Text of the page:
AUTHORS (39 votes) l – Heinlein; 2 – Smith; 3 – Campbell-Stuart; 4 – de Camp; 5 – Merritt; 6 – Hubbard ; 7 – Van Vogt; 8 – Williamson; 9 – Asimov; 10 – Lovecraft.
MAGAZINES (36 votes) 1 – Astounding; 2 – Unknown; 3 – FFM; 4 – Weird; 5 – Super Science; 6 – Astonishing; 7 – TWS; 8 – Startling; 9 – Cosmic; 10 – Future.
FANZINES (31 votes) 1 – Spaceways; 2 – Fantasite; 3 – Le Zombie; 4 – VoM; 5 – Southern Star; 6 – Fantasia; 7 – FFF; 8 – Eclipse; 9 – Fan-Atic tied Starlite; 10 – Nova.
FANS (34 votes) 1 – Ackerman; 2 – Tucker; 3 – Warner; 4 – Lowndes; 5 – Gilbert; 6 – Rothman; 7 – Chauvenet; 8 – Bronson; 9 – Unger; 10 – Evans.
To those familiar with the names and titles the choices are interesting, to say the least. To those unfamiliar, the titles are evocative of the times, and I bet those of you who are readers recognise most of the authors… I hope.
Other articles (brief articles – everything brief – only 8 pages long) deal with American and British publications both fannish and pro, plus a questionnaire posing questions about the proper role and nature of a proposed UK-wide fan organization.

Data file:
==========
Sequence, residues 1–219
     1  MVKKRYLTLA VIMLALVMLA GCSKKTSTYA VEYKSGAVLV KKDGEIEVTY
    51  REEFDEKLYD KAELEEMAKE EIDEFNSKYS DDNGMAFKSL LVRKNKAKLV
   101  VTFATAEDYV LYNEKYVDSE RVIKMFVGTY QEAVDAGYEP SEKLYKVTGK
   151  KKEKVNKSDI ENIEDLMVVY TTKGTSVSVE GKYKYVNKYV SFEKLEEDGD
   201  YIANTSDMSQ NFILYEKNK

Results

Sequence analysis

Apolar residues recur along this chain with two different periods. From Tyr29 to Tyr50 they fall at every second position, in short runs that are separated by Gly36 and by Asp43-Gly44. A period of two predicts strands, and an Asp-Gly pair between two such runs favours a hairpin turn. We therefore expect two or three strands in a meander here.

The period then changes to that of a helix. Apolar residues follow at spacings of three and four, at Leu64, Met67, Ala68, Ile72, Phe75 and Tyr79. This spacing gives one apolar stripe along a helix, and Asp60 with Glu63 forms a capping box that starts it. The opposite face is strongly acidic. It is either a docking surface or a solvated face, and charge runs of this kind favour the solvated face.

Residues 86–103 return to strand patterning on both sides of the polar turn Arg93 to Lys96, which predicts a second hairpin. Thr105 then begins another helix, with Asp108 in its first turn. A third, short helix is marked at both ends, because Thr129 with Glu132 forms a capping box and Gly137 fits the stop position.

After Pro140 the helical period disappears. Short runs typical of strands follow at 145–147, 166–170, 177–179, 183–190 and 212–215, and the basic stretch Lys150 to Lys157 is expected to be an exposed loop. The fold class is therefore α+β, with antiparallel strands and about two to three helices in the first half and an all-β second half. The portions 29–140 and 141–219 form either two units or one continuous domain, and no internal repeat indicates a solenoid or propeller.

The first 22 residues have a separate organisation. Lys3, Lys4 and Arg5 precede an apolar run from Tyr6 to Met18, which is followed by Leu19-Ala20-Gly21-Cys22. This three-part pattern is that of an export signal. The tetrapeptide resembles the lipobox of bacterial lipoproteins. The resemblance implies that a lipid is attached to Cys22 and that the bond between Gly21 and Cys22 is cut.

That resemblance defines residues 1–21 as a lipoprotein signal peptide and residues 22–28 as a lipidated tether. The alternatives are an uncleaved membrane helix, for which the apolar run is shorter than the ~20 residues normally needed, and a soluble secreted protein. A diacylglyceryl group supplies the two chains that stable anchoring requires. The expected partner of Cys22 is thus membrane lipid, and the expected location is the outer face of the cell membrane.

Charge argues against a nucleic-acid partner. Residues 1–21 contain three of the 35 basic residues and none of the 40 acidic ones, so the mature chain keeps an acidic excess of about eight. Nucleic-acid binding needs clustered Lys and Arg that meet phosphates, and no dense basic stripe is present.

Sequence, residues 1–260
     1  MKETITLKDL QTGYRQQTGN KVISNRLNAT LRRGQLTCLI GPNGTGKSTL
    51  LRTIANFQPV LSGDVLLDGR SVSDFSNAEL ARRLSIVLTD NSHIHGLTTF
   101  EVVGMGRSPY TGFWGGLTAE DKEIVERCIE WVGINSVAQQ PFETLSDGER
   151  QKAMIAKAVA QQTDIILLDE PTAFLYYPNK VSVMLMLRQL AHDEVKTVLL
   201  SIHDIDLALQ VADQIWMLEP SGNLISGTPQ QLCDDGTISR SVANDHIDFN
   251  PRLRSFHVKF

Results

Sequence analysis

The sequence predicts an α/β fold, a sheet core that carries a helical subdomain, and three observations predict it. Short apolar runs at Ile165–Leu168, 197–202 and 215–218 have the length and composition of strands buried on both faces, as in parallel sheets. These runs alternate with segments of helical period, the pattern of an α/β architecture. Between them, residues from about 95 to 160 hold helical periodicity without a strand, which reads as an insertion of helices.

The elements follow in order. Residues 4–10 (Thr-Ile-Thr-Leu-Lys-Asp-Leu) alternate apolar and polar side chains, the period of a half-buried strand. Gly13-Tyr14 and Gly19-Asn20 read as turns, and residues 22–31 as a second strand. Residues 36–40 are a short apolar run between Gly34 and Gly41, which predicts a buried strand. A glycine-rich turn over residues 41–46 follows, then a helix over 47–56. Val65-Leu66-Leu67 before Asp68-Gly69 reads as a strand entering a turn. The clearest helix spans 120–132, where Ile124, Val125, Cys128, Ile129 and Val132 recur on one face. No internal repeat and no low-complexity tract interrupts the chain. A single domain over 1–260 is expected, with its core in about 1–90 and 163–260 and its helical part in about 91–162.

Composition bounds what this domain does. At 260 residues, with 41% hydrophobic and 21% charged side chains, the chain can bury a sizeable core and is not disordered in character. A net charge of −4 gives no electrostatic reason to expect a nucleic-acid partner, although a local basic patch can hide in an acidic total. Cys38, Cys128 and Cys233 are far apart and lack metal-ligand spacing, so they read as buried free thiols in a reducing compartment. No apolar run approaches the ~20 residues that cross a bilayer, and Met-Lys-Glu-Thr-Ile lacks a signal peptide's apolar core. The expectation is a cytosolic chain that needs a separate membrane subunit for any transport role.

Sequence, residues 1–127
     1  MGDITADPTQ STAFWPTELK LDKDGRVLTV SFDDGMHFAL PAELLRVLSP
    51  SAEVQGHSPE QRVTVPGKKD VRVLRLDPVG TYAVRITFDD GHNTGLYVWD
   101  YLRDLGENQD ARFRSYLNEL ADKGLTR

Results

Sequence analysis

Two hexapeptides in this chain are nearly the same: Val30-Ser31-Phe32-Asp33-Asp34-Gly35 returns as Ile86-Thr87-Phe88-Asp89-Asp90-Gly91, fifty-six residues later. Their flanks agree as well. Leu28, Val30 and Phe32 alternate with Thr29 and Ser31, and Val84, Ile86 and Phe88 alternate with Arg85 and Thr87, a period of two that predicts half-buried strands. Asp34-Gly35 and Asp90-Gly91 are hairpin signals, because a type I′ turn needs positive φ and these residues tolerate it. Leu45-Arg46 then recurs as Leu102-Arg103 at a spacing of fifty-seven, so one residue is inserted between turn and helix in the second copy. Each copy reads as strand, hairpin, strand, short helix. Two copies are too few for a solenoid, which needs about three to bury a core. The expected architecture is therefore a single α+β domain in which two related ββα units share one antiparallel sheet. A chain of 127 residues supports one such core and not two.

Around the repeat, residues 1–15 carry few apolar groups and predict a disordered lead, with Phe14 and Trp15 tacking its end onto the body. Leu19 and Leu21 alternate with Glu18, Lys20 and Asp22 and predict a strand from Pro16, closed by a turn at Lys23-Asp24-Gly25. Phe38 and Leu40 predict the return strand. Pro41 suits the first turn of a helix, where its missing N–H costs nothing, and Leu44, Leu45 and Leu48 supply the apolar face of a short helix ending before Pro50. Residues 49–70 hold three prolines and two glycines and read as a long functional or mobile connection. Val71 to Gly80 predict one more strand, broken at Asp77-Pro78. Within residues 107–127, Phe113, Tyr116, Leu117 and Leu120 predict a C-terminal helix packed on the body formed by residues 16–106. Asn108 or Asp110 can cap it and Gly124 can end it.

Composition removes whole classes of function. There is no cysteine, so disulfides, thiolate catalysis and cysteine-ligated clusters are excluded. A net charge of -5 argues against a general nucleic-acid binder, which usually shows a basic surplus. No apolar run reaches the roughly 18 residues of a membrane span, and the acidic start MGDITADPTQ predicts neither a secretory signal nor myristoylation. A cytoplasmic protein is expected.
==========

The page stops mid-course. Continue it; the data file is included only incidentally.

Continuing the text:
Futurian War Digest worth reading? Absolutely. It not only captures the flavour of fannish life and interests over sixty years ago, it provides rare details and glimpses of wartime reality in the UK not easily found elsewhere. A treasure trove of minutiae which brings a distant past to life. This is as close to time travel as you can get. Anyone history-minded will find the whole series well worth reading.
( Multiple issues of Futurian War Digest here )
BY THE WAY:
You can find a fantastic collection of zines at: Efanzines
You can find yet more zines at: Fanac Fan History Project
You can find a quite good selection of Canadian zines at: Canadian SF Fanzine Archive